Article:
‘Super Troopers 2’5/2/2018
Grass may be clipped from this stoner flick, but it’s far from a drug-free zone.
In 2002, Broken Lizard exploded onto the scene with their stoner-comedy “Super Troopers.” While the film holds an approval rating of 35 percent based on 88 reviews, with an average rating of 5/10, it quickly became a cult favorite among its fans.
Fast forward to March 24, 2015 — Broken Lizard launched an IndieGogo campaign to raise $2 million to produce the film. About 24 hours later, they had already surpassed their goal, and the movie was greenlit. And three long years later, fans are treated to the release of “Super Troopers 2.”
The movie picks up a few years down the line as the former state troopers have now become former officers after an accident, which took place in between movies involving a well-known beloved child actor. Bucking the traditional recap, the movie begins with exposition that is relayed so quick and clunky that it’s very obviously used to a comedic degree. This tongue-in-cheek style to their writing is present throughout, rewarding those who saw the first and beckoning others to re-watch the original.
There was a wonderful sense of chaos to the original “Super Troopers,” which seemed willing (and able) to do just about anything to make the audience laugh, and frequently teetered on the brink of collapsing under its own silliness. ST2 doesn’t quite capture that same recklessness, but it still has its m(eow)ments.
Off the force and working construction, this team of Vermont state troopers is looking for a shot at redemption with the newly assigned task of overseeing an adjustment of United States borders into parts that had heretofore been Canadian. While the plot is easily the flimsiest aspect about this film, it holds strong enough to allow for the flow of America-Canada insults between the troopers and the Mounted Police they’ll soon be replacing. Some of the best lines of the film come when these two groups get the insults going.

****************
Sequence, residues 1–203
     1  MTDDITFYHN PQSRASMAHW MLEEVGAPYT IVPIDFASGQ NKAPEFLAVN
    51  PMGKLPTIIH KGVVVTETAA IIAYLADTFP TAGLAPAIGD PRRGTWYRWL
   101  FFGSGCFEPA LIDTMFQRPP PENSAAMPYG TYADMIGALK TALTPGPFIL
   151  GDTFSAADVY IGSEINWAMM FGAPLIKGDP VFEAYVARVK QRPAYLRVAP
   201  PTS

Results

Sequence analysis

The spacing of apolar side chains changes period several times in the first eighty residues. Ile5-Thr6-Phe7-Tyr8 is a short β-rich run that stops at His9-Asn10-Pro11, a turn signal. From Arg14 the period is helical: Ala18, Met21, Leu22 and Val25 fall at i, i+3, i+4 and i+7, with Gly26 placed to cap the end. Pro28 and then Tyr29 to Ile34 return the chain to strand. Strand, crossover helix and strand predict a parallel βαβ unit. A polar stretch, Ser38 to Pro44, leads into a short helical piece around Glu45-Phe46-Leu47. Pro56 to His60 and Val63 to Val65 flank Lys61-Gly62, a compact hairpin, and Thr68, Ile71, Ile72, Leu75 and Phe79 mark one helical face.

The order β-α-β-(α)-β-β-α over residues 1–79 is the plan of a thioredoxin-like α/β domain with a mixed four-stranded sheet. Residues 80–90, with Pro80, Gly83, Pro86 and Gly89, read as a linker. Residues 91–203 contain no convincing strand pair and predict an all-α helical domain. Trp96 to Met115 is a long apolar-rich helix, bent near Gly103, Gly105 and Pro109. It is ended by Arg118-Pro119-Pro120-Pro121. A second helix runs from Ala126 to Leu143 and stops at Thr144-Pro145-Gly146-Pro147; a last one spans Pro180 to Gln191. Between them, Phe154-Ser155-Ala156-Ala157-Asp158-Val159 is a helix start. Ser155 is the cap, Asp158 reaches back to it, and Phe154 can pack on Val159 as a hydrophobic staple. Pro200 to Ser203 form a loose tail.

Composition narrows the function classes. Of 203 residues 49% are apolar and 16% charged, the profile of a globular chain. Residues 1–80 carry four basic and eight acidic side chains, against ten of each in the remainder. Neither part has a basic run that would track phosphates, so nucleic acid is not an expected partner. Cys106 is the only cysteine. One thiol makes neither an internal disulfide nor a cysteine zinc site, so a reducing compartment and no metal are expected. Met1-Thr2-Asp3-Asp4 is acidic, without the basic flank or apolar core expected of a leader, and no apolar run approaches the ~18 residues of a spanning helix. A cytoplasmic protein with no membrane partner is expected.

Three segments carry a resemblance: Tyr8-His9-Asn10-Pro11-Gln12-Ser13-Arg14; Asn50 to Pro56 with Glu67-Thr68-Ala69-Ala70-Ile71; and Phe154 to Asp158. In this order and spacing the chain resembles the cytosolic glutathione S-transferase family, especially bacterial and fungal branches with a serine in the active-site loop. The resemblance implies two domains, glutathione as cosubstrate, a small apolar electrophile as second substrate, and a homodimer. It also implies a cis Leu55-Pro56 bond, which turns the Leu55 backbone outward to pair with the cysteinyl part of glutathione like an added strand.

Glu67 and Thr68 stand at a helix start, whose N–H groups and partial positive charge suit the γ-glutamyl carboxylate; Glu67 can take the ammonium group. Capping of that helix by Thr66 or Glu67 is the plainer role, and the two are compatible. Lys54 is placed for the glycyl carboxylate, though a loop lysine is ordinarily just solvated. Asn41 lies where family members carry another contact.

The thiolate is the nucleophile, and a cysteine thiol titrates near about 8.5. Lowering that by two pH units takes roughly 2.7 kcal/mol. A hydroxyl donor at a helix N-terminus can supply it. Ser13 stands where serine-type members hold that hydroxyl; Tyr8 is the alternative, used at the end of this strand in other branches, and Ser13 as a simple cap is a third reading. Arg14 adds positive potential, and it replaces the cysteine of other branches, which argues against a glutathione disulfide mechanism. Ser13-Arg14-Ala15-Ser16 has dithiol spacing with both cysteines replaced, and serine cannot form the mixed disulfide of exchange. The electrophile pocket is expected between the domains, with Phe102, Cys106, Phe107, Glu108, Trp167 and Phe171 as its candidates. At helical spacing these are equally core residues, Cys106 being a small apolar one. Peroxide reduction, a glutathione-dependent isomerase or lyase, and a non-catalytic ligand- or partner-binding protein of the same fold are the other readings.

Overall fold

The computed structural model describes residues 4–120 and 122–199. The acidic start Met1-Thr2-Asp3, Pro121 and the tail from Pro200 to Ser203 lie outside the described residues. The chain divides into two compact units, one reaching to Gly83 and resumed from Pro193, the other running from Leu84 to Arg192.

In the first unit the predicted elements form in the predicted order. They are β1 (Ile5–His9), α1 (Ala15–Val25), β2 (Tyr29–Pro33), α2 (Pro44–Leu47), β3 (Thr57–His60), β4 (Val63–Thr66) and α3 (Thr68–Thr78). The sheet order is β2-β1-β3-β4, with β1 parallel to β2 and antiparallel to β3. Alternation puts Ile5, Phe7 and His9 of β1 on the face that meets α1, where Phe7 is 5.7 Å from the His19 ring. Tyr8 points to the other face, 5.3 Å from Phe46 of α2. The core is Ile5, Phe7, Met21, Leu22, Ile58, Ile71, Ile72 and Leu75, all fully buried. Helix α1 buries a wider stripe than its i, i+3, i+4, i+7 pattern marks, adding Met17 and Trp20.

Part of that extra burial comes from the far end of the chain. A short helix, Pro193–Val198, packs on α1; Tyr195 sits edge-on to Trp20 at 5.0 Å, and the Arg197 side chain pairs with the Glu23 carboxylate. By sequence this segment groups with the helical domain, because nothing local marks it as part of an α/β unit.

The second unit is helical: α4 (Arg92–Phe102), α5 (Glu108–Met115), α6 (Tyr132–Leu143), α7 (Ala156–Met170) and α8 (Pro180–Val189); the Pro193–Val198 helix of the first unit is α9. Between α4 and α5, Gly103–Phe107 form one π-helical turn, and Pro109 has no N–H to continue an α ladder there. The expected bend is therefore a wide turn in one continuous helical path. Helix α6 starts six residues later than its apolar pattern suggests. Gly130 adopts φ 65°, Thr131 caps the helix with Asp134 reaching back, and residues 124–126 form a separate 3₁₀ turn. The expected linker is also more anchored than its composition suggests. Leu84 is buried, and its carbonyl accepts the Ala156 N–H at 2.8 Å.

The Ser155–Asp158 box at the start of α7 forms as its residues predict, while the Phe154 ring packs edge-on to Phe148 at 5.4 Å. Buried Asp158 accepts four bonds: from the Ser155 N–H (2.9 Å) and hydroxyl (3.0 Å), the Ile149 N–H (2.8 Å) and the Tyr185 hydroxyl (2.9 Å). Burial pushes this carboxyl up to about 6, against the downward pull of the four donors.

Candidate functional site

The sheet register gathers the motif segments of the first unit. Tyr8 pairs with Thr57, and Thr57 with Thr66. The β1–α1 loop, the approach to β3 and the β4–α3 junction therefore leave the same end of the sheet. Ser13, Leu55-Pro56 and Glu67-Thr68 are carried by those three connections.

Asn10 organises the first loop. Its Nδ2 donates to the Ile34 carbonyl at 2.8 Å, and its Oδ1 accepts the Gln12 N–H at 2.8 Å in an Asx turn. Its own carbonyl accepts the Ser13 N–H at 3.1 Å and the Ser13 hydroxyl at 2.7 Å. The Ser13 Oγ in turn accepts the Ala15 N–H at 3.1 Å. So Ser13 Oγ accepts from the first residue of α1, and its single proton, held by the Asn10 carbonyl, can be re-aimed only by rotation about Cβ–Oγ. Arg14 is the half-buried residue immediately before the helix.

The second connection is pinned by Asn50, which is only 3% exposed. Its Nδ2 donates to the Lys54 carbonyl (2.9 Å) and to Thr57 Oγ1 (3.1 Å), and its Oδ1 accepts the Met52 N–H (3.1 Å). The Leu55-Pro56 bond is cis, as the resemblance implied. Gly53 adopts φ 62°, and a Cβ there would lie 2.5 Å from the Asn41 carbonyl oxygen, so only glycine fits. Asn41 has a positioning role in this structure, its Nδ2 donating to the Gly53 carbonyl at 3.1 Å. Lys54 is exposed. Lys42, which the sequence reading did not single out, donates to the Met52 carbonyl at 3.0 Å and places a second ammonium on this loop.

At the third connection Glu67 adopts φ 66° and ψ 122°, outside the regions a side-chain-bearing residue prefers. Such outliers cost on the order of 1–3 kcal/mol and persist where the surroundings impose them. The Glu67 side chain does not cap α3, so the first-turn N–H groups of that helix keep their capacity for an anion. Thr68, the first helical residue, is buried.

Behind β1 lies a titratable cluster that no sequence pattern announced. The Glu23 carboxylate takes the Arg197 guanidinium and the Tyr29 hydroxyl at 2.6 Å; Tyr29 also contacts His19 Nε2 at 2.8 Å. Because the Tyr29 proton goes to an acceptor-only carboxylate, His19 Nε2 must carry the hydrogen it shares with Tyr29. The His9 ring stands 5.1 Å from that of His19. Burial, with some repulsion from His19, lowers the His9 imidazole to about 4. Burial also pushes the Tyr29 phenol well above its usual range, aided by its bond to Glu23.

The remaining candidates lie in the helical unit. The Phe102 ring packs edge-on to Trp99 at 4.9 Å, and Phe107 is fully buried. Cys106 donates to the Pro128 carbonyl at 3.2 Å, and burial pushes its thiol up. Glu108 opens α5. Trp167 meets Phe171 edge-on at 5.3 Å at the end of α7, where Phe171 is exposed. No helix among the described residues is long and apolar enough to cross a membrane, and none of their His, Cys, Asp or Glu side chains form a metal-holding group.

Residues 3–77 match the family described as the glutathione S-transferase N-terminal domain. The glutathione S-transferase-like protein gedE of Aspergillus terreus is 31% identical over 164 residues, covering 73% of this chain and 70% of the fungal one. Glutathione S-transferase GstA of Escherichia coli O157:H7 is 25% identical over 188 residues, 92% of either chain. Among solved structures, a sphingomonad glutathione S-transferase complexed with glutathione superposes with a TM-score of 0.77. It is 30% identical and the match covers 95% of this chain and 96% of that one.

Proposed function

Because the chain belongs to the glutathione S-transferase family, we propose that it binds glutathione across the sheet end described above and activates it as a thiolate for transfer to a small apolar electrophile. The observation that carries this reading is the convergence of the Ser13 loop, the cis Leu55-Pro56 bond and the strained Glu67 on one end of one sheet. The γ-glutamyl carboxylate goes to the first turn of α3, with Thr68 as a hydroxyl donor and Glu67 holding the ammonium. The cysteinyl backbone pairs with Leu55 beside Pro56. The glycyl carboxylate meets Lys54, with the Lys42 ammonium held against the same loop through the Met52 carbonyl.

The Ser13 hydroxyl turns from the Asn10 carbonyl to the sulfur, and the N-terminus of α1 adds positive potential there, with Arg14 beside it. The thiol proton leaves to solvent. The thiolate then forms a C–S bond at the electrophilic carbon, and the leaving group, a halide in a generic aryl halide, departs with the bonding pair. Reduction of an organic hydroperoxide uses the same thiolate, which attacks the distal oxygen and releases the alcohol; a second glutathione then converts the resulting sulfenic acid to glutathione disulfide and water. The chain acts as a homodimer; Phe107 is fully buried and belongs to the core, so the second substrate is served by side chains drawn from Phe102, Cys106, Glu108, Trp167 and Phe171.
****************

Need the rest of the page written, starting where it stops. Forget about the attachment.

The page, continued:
While fans of the first film are certainly rewarded with comedic references, ST2 makes enough strides to separate itself from being too derivative. The sad thing is the referential humor falls somewhat flat (almost like the actors catching themselves reusing old jokes) in comparison to the original jokes and hijinks. The callbacks feel tired and are there only to placate the fans.
The majority of referential humor plays off the established characters and their interactions (or lack thereof) with each other. (A scene between Farva and Foster plays this out in a delightfully silly way.) Some of the stereotypical jokes about the difference between Canadian and American culture feel a bit outdated and unnecessary, though Canada takes America to town with some of their more pointed jabs. Metric conversion jokes, references to American obesity, and overly affected pronunciation of the word “sorry” are recurring themes in ST2, and it’s a credit to the film’s talented cast and creative team that these jokes generally continue to be funny despite their frequency.
Perhaps the strangest thing of note with this film is the lack of genuine stoner comedy that resonated so well with the high-school and college crowd. The studio and the film’s creative team made a big stink about the film hitting theaters on April 20 (a date widely regarded as an annual “high” holiday for recreational drug aficionados), but the film is conspicuously light on the sort of trippy weed humor that filled the original film.
While the grass may be clipped from this flick, it’s far from a drug-free zone. Shrooms and smokes are substituted for pills of all shapes and colors. This is Canada after all, where the prescriptions flow like the falls in Niagara.
This is a film for the fans — and considering it was crowdsourced, did you really expect anything else? ♦